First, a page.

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Jellyfish at the Monterey Bay Aquarium. — Photo by Pat Bean

Connections

I just learned that when the Arizona Sonora Desert Museum renovated its hummingbird aviary in 1992, the new hummingbird nests kept falling apart. Museum workers scratched their heads for a while, but finally realized why this was happening.

 During the renovation, all the old vegetation inside the aviary was   removed, and replaced by new plants. The removal took away any spiders that inhabited the vegetation and the hummingbirds needed the web spiders produced to hold their nest materials together. The problem was solved by workers gathering branches that held such webs, and placing them inside the aviary until the spiders could reestablish their presence.

While digesting this bit of information, I came across a mindfulness tip about how to stay calm during these chaos-filled days when the news is all about Covid, political shenanigans and tornado deaths. It came from TV writer Cord Jefferson, who said traditional meditation didn’t work for him. What did, he said, was to just get lost in the gentle pulses of jellyfish for a short mindfulness break during his workday,” Cord then noted that Monterey Bay Aquarium has a jellyfish cam that can be bookmarked on a phone or laptop browser.

I’ve watched hummingbirds at the desert museum and the jellyfish at the aquarium in person, and found both these things calming. I think it’s just letting ourselves get out of our heads a bit that does the trick.

But reading these two stories back-to-back, made me realize how interconnected we beings on this world are. And by beings, I don’t just mean we two-legged sapiens. It’s certainly something to think about. Meanwhile, if you’re in Tucson or Monterey, you might want to check out the desert museum and the aquarium. Both are great places to visit.

Pat Bean is a retired award-winning journalist who lives in Tucson with her canine companion, Scamp. She is a wondering-wanderer, avid reader, enthusiastic birder, Lonely Planet Community Pathfinder, Story Circle Network board member, author of Travels with Maggie available on Amazon (Free on Kindle Unlimited), and is always searching for life’s silver lining.

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Madelaine Albright and My Granddaughter

          I had an enjoyable conversation with my granddaughter and her wife last night about working women and overcoming myths about the female gender, long considered the weaker sex.

          Having myself given birth to five children, I find that idea seriously demented, but I’ve heard it hundreds of times in my 82 years.

          Then, this morning, as I was reading Madelaine Albright’s book, Hell and Other Destinations, I came across the chapter about her pins, and the suggestion that she write about them.

          Her answer was a resounding “No way,” noting how demeaning it would be for the first woman secretary of state to write about her jewelry. It would be like one of the male presidents writing about their ties, she wrote, despite the fact that she often wore pins to convey how she felt about an issue. Just as one president was known for saying “Read my lips,” she became known for urging others to “Read my pins.”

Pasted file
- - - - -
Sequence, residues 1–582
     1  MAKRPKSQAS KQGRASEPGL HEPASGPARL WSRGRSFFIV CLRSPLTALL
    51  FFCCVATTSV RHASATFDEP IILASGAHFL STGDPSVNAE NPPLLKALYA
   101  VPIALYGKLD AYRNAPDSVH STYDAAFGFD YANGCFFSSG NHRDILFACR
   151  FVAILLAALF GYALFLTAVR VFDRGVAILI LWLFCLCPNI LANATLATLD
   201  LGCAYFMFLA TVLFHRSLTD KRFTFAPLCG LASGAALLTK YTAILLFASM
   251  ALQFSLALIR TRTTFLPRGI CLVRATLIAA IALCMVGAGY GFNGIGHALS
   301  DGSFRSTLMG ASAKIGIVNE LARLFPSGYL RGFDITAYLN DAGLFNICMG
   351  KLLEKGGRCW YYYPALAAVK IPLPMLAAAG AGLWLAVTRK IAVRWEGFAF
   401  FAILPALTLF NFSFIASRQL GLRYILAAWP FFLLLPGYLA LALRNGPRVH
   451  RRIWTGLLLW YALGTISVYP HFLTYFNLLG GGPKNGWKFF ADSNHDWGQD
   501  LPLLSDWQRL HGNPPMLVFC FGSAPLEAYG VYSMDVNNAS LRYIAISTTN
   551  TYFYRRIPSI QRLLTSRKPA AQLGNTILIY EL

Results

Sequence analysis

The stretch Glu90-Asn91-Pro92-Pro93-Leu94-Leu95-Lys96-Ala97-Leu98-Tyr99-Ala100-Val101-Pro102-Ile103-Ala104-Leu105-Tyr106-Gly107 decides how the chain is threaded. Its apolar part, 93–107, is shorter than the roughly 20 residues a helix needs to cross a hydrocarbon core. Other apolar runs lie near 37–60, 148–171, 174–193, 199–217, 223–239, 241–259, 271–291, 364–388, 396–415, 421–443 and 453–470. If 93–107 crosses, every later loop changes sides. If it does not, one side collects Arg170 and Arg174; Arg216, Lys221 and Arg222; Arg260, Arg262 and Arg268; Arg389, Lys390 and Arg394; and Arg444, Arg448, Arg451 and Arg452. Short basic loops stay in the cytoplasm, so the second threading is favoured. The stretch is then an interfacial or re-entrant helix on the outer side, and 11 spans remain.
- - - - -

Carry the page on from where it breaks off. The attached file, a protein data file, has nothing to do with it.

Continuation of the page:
Some years down the road, Madelaine relented. While the Smithsonian put together the pin exhibit, she wrote Read my Pins: Stories from a Diplomat’s Jewelry Box.

          In writing about this, Madelaine noted that in her day – and my day —   women emulated men in order to succeed. It’s time that ended, Madelaine suggested, noting that “punctured earlobes do not mean a leaky brain.”

          Now that’s a quote I’ll keep in my head for the next time my granddaughter and I have a gender conversation. But then she, and her wife, already know that women don’t have to emulate men to succeed.

Pat Bean is a retired award-winning journalist who lives in Tucson with her canine companion, Scamp. She is a wondering-wanderer, avid reader, enthusiastic birder, Lonely Planet Community Pathfinder, Story Circle Network board member, author of Travels with Maggie available on Amazon (Free on Kindle Unlimited), and is always searching for life’s silver lining.

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I can’t count the number of Lassie books, movies and TV programs that have left me in tears. How many of you young oldsters remember this photo? And who the young boy is? And did you know that Lassie was usually portrayed by a male dog.

A Good Old Girls’ Club in the Making

I haven’t seen a movie or television show that has left me crying in at least a couple of years. Now, you should know, when I make this statement, that I have cried a water tank full of tears over the years, beginning with books like Lassie, Where the Red Fern Grows, and Black Beauty to a couple of Marvel movies.

Surprise of all surprises, the crying jag was restarted with Wednesday’s night’s episode of The Challenge All Stars, Season 2.

Now I know that people consider this peace-loving 82-year-old a bit strange — for someone who doesn’t like conflict, nastiness and mean people – because I’m a fan of both Survivor and The Challenge, whose weekly episodes usually display all of these traits.

I excuse myself because the participants are all playing a game, like Poker, in which dirty tricks, lying and outwitting your competitors are all allowed –Actual hitting gets you expelled from the game. I love the outdoor adventures and competitions. And amazingly, I also find memorable minutes of good sportsmanship and of finding some good in even the meanest people.